OpenGL has no notion of lost devices and handles it all for you.

    Ordinary drawing in DirectX also involves a number of steps. First you have to specify a vertex format, and define in the program a correspondingly formatted structure. Drawing a quad (a rectangular shape, eg. a sprite) involves sending to the graphics card four vertices (the corners of the box). So to do this first you create a vertex buffer, with room for four vertices allocated. You lock it, copy in four of your structs that define the four corners, and unlock it. For maximum efficiency you must also create an index buffer, with six indices, to define two triangles that draw the quad. However, for maximum efficiency, both index and vertex buffers must be as large as possible, ie. contain data for as much drawing as possible when sending them off. Because in Construct draw calls can come from all over the place (lots of different plugins render stuff), this means implementing a batching system that collects as many rendering calls as possible, generates two very large vertex and index buffers, then sends these to the GPU with a clever batch executor that runs through the saved rendering commands executing them on their associated vertices and indices. For maximum efficiency (again) you'd need to write a custom allocator (and Construct does in fact implement one), because you don't know how many rendering commands there will be, so there are thousands of small allocations every tick, so the allocation must be as optimal as possible. The code for this optimal DirectX renderer is extremely complicated and runs in to pages and pages of code with many past bugs associated with them.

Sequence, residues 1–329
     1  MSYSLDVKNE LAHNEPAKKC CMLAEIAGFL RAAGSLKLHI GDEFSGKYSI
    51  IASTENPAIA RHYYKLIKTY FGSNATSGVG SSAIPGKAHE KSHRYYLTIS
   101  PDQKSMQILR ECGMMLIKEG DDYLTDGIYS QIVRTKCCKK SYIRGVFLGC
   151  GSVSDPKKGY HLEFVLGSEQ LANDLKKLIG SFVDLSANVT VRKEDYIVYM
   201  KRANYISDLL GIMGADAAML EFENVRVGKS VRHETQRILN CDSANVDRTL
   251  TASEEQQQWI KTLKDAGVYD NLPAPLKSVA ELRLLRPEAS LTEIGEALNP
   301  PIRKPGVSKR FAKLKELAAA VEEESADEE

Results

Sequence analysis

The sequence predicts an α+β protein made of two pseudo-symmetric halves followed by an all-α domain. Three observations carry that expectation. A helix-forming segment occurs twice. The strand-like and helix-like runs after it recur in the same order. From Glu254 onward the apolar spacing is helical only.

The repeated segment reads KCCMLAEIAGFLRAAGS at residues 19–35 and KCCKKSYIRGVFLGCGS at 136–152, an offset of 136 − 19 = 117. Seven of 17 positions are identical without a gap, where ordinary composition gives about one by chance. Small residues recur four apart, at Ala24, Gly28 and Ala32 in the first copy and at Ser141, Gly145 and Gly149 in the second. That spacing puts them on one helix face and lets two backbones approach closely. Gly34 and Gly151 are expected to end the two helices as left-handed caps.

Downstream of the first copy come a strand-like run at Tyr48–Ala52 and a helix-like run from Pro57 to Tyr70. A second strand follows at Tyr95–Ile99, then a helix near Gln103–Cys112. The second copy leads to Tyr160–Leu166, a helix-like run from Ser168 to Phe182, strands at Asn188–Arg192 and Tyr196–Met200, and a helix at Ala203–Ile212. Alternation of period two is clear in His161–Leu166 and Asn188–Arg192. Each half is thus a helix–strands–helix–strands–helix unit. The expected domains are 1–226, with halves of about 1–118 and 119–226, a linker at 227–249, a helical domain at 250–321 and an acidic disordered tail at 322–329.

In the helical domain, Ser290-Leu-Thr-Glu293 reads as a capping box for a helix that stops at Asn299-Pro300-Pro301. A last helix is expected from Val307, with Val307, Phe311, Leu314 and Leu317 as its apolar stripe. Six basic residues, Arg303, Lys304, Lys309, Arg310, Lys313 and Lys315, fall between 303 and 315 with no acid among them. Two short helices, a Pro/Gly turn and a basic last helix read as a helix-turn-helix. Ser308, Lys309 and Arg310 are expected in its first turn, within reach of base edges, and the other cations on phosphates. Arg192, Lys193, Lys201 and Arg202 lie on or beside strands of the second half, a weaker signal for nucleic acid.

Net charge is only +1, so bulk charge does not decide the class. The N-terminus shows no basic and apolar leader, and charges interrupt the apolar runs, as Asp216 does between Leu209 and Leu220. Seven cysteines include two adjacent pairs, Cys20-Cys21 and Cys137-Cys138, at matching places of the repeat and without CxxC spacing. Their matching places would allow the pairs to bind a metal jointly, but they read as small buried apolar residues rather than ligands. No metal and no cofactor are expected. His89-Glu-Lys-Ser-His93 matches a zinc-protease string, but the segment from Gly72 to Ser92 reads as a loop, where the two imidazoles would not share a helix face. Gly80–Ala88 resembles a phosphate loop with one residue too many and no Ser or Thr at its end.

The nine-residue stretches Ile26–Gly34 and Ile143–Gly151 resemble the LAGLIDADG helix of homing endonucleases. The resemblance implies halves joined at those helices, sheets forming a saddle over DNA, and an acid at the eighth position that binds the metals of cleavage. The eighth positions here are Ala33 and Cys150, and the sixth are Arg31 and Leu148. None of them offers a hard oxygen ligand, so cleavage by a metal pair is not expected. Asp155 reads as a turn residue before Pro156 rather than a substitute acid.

Here's how you draw a quad in OpenGL:

    glBegin(GL_QUADS);
    glVertex3f(0,0,0); // top left corner
    glVertex3f(1,0,0); // top right corner
    glVertex3f(1,1,0); // bottom right corner
    glVertex3f(0,1,0); // bottom left corner
    glEnd();[/code:2q69wpxs]
    
    You might also notice this essentially naturally is a batching system.  Just don't call glEnd(), unless the next drawn thing isn't a quad.  It's [i]trivial[/i], especially compared to the monolithic system required for DirectX.